government, though formally declining
to confirm or deny its involvement, did
everything but wink to imply as much,
The killing scarcely disturbed this
week's Amman economic conference,
a kind of regional coming-out party for
I q[ M 11

Israel, and.Hamas spokesmen said
would not impede their reconciliatioi
talks with PLO leader Yasser Arafai
Egyptian Foreign Minister Am
Moussa, queried by reporters as he stoop
next to his Israeli counterpart, Shimoi
Peres, merely smiled and asked, "Wha
China's intellectuals
die earlier, study says
BEIJING - According to a recet
study of 12,450 "intellectuals," a nani
given to people with a higher educa
tion who work as researchers, it
Beijing, the average life expectancy i
53.3 years.
That's not only lower by 20 year
than the average Beijinger's life ex
pectancy and 16 years below the aver
age Chinese person's, it is a decline c
five years over the past decade.
At a time when most Chinese ar
getting healthier and living longer
China's best and brightest are dying i
their prime.
As reflected in the health statistics
China's intellectuals constitute on
of the country's most neglecte
groups. Housing is shabby, health car
substandard, salaries low and profes
sional and political pressures ex
tremely high.
- From Daily wire service

-- c
-1 :
-- -..: .
corn s pric

The Michigan Daily (ISSN 0745-967) is published Monday through Friday during the fall and winter terms by
students et the University of Michigan. Subscriptions for fall term, starting in September, via U.S. mail are
$85. Winter term (January through April) is $95, year4ong (September through April) is $165. On-campus
subscriptions for fall term are $35. Subscriptions must be prepaid.
The Michigan Daily is a member of the Associated Press and the Associated Collegiate Press.
ADDRESS: The Michigan Daily, 420 Maynard Street, Ann Arbor, Michigan 48109-1327.
PHONE NUMBERS (All area code 313): News 76-DAILY; Arts 763-0379; Sports 747-3336; Opinion 764-0552
Circulation 764-0558; Classified advertising 764-0557; Display advertising 764-0554; Billing 764-0550.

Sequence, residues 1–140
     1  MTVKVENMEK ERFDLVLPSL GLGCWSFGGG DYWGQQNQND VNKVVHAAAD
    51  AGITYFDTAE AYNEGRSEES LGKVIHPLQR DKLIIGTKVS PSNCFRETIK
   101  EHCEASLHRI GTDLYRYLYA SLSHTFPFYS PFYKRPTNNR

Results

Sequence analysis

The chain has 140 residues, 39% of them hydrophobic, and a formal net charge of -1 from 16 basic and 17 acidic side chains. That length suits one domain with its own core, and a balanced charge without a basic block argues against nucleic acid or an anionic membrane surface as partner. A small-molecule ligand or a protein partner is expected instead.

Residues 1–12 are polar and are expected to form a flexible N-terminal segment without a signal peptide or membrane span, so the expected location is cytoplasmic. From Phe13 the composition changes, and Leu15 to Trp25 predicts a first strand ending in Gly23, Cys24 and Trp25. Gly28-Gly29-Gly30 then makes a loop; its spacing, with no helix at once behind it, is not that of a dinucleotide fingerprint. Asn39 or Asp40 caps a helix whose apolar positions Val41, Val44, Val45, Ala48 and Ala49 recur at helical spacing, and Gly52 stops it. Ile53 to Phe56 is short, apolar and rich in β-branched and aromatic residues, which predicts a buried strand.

E-mail letters to the editor to daily.Iettersumich.edu
NEWS Nate Hurley, Managing Editor
EDITORS: Jonathan Berndt, use Dines, Anrqw Taylor, Scot Woods.
STAFF: Sty Berlow, Cathy Bogusiasiii, Kian Chaudhri, Jodi Cohen. Sam T. Dudek, Jeff Eldridge, Lenny Feller. Jennifer Fried.
Ronnie Glassberg, Kate Glickman, Jennifer Harvey. Amy Klein. Stephanie Jo Klein, Jeff Lawson. Laurie Mayk, Will McCahili.
Heather Miller. Gail Mongkolpradit. Laura Nelson. Tim O'Connell, Lisa Poris, Zachary M. Raimi, Anupama Reddy, Megan
Schimpf, Maureen Sirhal. Matthew Smart. Michelle Lee Thompson, Katie Wang, Josh White.
CALENDAR: Josh White.
EDITORIAL Julie Becker, James Nash, Editors
ASSOCIATE EDITORS: Adrienne Janney. Joel F. Knutson.
STAFF: Bobby Angel. Patience Atkin. Zach Gelber, Ephraim R. Gerstein, Keren Kay Hahn, Judith Kafka. Chris Kaye, Jeff
Keating. Gail Kim. Jim Lasser, Ann Markey, Erin Marsh. Brent McIntosh, Scott Pence, David Schultz. Paul Serilla, Jordan
Stancil, Ron Steiger, Jean Twenge. Matt Wimsatt, Adam Yale.
SPORTS Antoine Pitts, Managing Editor
EDITORS: Darren Everson, Brent McIntosh, Barry Sollenberger, Ryan White.
STAFF: Donald Adamek. Paul Barger, Nancy Berger. Scott Burton, Dorothy Chambers. Nicholas J.Cotsonika, Susan Dann. Avi
Ebenstein, Alan Goldenbach. James Goldstein, Chaim Hyman, Andy Knudsen. John Leroi. Marc Lightdale, Chris Murphy, Monica,
Polakov. Jim Rose, Jed Rosenthal, Danielle Rumore. Brian Sklar. Mark Snyder. Dan Stillman.Doug Stevens, Dan Van Beek.
ARTS Heather Phares, Alexandra Twin, Editors
EDITORS: Dean Bakopoulos (Books), Melissa Rose Bemardo (Theater), Jennifer Buckley (Weekend, etc.). Brian A. Gnatt
(Music). Kari Jones (Weekend. etc.), Emily Lambert (Fine Arts), Joshua Rich (Film)
STAFF: Matthew Benz. Eugene Bowen, Mark Carlson. Christopher Corbett, David Cook. Thomas Crowley, Ella de Leon, Lise
Harwin, Josh Herrington. Kimberley Howitt. Elizabeth Lucas. Jennifer Petlinski. Elan Stauros, Matthew Steinhauser, Prashant
Tamaskar, Ted Watts, Michael Zilberman.
PHOTO Jonathan Lurie, Editor

AHOL .L C i"


Back to Top

© 2022 Regents of the University of Michigan